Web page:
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William Shatner’s Own Words After Having Just Been In Space

William Shatner, Star Trek’s Captain James Kirk himself, returned from space about two hours ago. He flew suborbital on Blue Origin’s New Shepard rocket to 350,000-plus feet above Earth, was weightless for a few minutes and had an otherworldly view. None other than Jeff Bezos, whose company had just taken him up, was waiting in the west Texas desert to greet Shatner and his crew after they touched down and emerged from their capsule.

Shatner, 90, is the oldest person now to have gone into space. His words just after the flight were passionate, and quite enlightening. Below are edited excerpts from his animated conversation with Bezos:

William Shatner: “Oh my God. it’s indescribable. To see the blue color [of the atmosphere] shoot by like that. Down there is mother, and up there is death. Is that what death is? It is so moving. I never expected it.

“There’s beauty and comfort of the blue. It’s so thin. You’re going close to 2,000 mph, and through like 50 miles of it in an instant. And then you’re into black. It’s mysterious, and you know there are galaxies and such up there, but all you see is that black. And down below is light.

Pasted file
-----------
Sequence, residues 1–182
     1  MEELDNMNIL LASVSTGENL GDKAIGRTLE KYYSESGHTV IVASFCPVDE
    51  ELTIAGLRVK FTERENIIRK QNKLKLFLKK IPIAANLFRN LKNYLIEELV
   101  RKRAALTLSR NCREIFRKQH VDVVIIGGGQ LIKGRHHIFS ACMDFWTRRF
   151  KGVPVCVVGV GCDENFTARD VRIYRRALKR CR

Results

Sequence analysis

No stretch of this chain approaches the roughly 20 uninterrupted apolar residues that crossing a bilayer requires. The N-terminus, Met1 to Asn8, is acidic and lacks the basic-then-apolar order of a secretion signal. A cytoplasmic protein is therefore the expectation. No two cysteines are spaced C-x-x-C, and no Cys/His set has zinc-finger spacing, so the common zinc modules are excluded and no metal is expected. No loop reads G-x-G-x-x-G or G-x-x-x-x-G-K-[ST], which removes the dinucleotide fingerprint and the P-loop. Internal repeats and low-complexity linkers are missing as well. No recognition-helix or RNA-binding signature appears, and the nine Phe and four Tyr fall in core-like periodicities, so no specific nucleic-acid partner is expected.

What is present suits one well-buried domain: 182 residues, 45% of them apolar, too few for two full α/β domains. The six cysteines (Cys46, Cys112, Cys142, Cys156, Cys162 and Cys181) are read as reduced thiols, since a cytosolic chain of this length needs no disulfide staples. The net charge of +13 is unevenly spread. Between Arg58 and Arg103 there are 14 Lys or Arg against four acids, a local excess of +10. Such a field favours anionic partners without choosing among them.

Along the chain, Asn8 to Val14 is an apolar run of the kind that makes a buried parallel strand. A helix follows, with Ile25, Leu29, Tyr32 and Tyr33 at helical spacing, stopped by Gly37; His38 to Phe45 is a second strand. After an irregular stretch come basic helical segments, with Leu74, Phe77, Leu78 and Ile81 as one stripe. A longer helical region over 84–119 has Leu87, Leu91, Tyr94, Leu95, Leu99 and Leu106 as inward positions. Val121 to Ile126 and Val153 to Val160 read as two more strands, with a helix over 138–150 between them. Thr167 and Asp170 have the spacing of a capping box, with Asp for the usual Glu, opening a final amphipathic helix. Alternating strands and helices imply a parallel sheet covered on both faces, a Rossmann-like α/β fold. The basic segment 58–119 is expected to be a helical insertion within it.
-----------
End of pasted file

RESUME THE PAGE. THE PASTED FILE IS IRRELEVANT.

“[Jeff], what you’ve given me is the most profound experience I can imagine. I’m so filled with emotion. It’s extraordinary. I hope I never recover from this, maintain what I feel now. It’s so much larger than me. It has to do with enormity, the quickness of life and death. Oh my God! It’s beautiful in its own way.

“What I would love to do is communicate this as much as possible. The jeopardy, the moment you feel that vulnerability. This air which is keeping us alive is thinner than your skin. It’s a sliver, immeasurably small when you think in terms of the universe. Mars doesn’t really have it. There is life, and then there’s death.

“We were talking earlier before I went up, whatever that phrase is where you’ll have a different view of things. Now here’s the commercial: It’s important for everybody to have this experience, through one means or another. Maybe you could put it on 3D. I guess that’s a technical possibility.

“Then, before launch, one delay after another, and we’re just lying there. How do I feel? A little jittery. ‘There’s something in the engine [laughs], we’re going to hold a little longer.’ I feel the stomach, the bile inside. I’m a little nervous here. Then another delay. I’m a little more nervous.

“The simulation [we did beforehand] is only a simulation. It doesn’t capture the jeopardy. Am I going to be able to survive the G-forces – just getting up there, then the reentry [laughs]? Oh my God, what an experience. Oooofff. You share it with your comrades [in the capsule], of course, like the bonding of being in battle. But you’re also embattled inside of yourself.”

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